There is, of course, a question as to whether there is (or ever has been) such a thing as divine creation. There is a mechanistic view of the universe, taking the first creation as an entirely impersonal big bang. In its most extreme form, adherents of this view interpret everything that has happened since the big bang as the working out of impersonal forces.
In a less extreme form, the mechanistic view makes an exception for our own species – allowing us free will to shape (in some wise) our own creations. Immanuel Kant wrote a short book, the title of which may be translated as The Fundamental Principles of the Metaphysics of Morals (different translations have slightly different titles). In this brief work, Kant advances the idea that we can only exercise free will by acting morally. If we do not act morally, Kant argued, we act purely according to our desires – and these desires are determined mechanistically. This seems to echo a number of ideas found in Buddhism – including a negative view of desire.
This mechanistic view, taking on board free will, assumes that there is an enormous gulf between us and all of the other creatures on the face of this planet. The same, no doubt, goes for most religious viewpoints. Having the pleasure and privilege of living with a cat, I don’t think this can be justified. It seems to me that my cat makes decisions in a very similar way to me. We are, clearly, similar creatures. Every bone in our bodies has an equivalent in the other’s body. The things that make us the same are more numerous and significant than the things that make us different.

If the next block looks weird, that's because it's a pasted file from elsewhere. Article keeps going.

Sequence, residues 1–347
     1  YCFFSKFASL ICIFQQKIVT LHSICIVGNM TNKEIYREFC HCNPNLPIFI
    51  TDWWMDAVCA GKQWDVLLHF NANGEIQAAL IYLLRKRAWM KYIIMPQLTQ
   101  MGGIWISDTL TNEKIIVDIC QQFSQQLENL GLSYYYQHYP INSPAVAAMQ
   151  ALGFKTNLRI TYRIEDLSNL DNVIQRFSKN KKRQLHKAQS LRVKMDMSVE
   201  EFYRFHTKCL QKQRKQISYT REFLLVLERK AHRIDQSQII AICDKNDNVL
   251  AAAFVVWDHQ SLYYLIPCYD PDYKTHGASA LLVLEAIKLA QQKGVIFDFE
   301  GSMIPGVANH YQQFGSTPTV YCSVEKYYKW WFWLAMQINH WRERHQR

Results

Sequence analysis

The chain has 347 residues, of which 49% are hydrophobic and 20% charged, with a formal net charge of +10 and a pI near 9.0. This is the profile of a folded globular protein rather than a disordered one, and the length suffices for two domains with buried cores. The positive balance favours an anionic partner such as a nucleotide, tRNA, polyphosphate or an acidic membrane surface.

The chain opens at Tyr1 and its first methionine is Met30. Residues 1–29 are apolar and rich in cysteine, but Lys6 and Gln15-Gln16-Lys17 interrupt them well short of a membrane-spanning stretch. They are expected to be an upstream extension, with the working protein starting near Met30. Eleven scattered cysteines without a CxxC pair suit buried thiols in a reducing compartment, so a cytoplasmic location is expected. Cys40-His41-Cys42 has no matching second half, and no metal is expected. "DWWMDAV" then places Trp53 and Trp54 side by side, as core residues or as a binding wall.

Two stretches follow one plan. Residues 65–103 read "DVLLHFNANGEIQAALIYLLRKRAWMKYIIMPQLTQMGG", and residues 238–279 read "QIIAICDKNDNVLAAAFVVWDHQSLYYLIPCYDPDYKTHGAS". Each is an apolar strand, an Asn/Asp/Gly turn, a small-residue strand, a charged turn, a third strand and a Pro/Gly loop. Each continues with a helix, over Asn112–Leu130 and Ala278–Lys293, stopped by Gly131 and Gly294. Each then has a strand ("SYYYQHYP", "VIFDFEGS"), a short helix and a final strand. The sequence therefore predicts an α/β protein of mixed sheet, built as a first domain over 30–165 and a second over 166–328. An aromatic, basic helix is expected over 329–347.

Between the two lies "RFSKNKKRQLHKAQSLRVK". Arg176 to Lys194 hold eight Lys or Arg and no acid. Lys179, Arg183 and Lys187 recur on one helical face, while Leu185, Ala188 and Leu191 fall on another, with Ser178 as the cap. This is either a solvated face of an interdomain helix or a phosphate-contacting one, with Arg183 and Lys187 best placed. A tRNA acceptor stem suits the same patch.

Long ago, cats and people had common ancestors. Did some of the descendants of these ancestors (our ancestors) suddenly acquire free will – while others did not (the cats’ ancestors)? What was that strange event (the emergence of free will)? How did it happen? Was a creature, whose parents didn’t have free will, born with free will? Did the creature acquire free will after birth? Was the free will thereafter transmitted genetically to its descendants? Can we transmit genetically anything with which we are not born?
I feel easier with the idea of a purely mechanistic universe than I do with the idea of the universe as a machine from which we are (partly) excluded. The latter is special pleading. Of course that doesn’t apply to my species is an extension (on a grander scale) of the familiar line: of course that doesn’t apply to me. I think (for example) of the bosses who insist on pay restraint although of course that doesn’t apply to me.
The question of whether the universe is a machine – or filled with (composed of?) spirits – can be rephrased as the question of whether the universe is living or dead. Both the living and the dead universes seem to me tenable constructions on the observable world. In favour of the living universe, I advance merely that it seems to agree better with my experience of the world.